How the Sneaky Little Killdeer Protects Their Nest

Posted by jeff@pethangout 08/29/2018 0 Comment(s)

How the little killdeer protects their nest

 

Do you know what a Killdeer is?

Let’s take a detour from kitties and doggies today and talk about an amazing little bird, the Killdeer.

 

Have you ever strolled down a gravely path and noticed a brown bird with a black and white striped head fluttering away from you?  If you have, then this story will be very interesting to you.  In fact, you may find it interesting if you have not.  The bird that you saw was most likely a Killdeer.  Since I was a small boy, I have witnessed what they do and how they act.

 

In the Upstate of SC. you will see Killdeer’s abundantly along those gravel roads typically not far from heavily trodden traffic.  While at work one morning, I came upon a Killdeer that was doing exactly what they are bred to do; she was luring me away, far, far away from the nest.  The luring consists of the bird fluttering their wings and flopping along the ground as though they are hurt.  I had seen this routine many times before therefore I knew there had to be a nest nearby. 

 

For you see, the Killdeer lays their eggs in gravel to disguise them from predators.  Unless you look very closely, you will most likely miss the egg(s).  Take a look at this picture:

Can You find the egg in this picture?

 

So, could you see the egg?

I've marked it for you in this next pic...

The Killdeer egg is camoyflaged in the rocks.

 

 

As you can see, the egg looks just like a piece of granite gravel. At the time of this picture, the mother had laid only one egg.   I will describe later how she laid three (3) more within a week.  

 

Walking to and from my office and the manufacturing plant, I passed this egg multiple times and became concerned about its safety, never mind that it was the parent’s responsibility and not mine.  It was very hot, in excess of 95 F and it was storming quite often.  I even warned the landscape crew about the location so a weed eater would not harm the egg. I grew so fond of the egg that I would stop and talk to the parent (one-sided of course) that was on the nest. 

For you see, the parents would take turns guarding the nest and sitting on the egg.  I witnessed multiple times the changing of the guard.

Killdeer sitting on her nest.

 

When I came back from being off over the weekend, the mother had laid three (3) more eggs and now there were four (4) babies-to-be, to worry me. 

4 Killdeer eggs in their nest.

 

It was continuing to be hot and stormy.  I first got a small container of water and placed it near the nest.  There appeared to be some activity in the water because when I would come back by, there would be mud in it.  I felt the bowl was too small, so I switched it out for a much larger one and kept it filled with fresh water. 

 

Each time I approached the nest, the current sitter would expand their wings as if to warn me.  If I got too close, they would flop away as to pretend they were injured; the luring technique as I described earlier. 

Check out this video of a Killdeer on Youtube that goes into defense mode (my apologies for the blurring in the beginning - stay with it, it gets better):    This is so clever!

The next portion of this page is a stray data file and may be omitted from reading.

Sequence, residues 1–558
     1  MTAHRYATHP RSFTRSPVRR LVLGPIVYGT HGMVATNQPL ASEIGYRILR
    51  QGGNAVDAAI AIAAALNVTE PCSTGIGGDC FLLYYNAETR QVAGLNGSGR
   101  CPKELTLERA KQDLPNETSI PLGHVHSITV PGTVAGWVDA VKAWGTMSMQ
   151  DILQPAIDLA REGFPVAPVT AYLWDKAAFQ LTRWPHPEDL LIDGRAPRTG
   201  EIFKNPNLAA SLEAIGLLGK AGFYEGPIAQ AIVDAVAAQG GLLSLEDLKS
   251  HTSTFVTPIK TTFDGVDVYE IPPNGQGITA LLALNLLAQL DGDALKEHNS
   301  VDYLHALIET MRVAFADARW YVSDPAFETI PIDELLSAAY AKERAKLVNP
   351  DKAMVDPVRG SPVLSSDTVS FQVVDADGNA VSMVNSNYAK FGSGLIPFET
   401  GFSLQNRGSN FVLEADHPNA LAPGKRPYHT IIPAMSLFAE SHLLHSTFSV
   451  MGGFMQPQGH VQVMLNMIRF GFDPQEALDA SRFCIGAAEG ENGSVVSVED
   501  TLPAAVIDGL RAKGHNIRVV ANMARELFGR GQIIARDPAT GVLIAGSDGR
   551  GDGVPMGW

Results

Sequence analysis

:

 

As time went by, the birds began to sense that I was not there to harm them. I am hoping that the water I brought them was comforting.  

 

There was one mistake that I made. 

Because it was so hot, I felt as though they needed some shade.  I tried to prop up a cardboard box on a chair and that did not work.  Next, I placed an umbrella beside the nest that did work but the birds did not like it at all! 

Trying to shade a Killdeer nest

They became agitated at the umbrella and would not sit on the nest.  I finally gave up my efforts to shade the nest and removed the umbrella.  I did notice later that day when the birds were taking turns, that the one leaving the nest found shade next to a nearby light pole.   I figured if they laid the eggs in the hot sun, then they knew what they were doing.  

In the end, all eggs hatched as far as I know.  Each day I would check the nest and an egg would be missing. 

 

You could hear the familiar Killdeer sound in the nearby field, so I could only hope it was their offspring having fun.

 

I learned a wealth of information from this experience.  We as humans may think we know what is best for those wild animals and birds, but their instincts may just be spot on. The next time you happen upon a Killdeer, look around, you may just see an egg or two in the gravel nearby. 

 

Some interesting facts about the Killdeer:  (from allaboutbirds.org)

  • Very often the Killdeer makes a shrill like, wailing kill-deer call; occurs most often in flight
  • Oldest recorded Killdeer was at least 10 years, 11 months old.
  • They lay eggs in an empty nest only to later add other materials such as small pebbles
  • Often seen running along the ground as often as they are in flight
  • Known as a very good swimmer
  • No need to provide feeders, they do not visit feeders. Prefer lawns or fields 

 

 

 

Have you ever witnessed a Killdeer? 

   Share your experience with us below...

 

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For more interesting reads, you might like our most popular post on birds, How to Care for a Lost, Scared Baby Bird, or amazing animal pics like 17 Puppy Pics That Make You Fall in Love OR Why is My Dog So Killer Cool.

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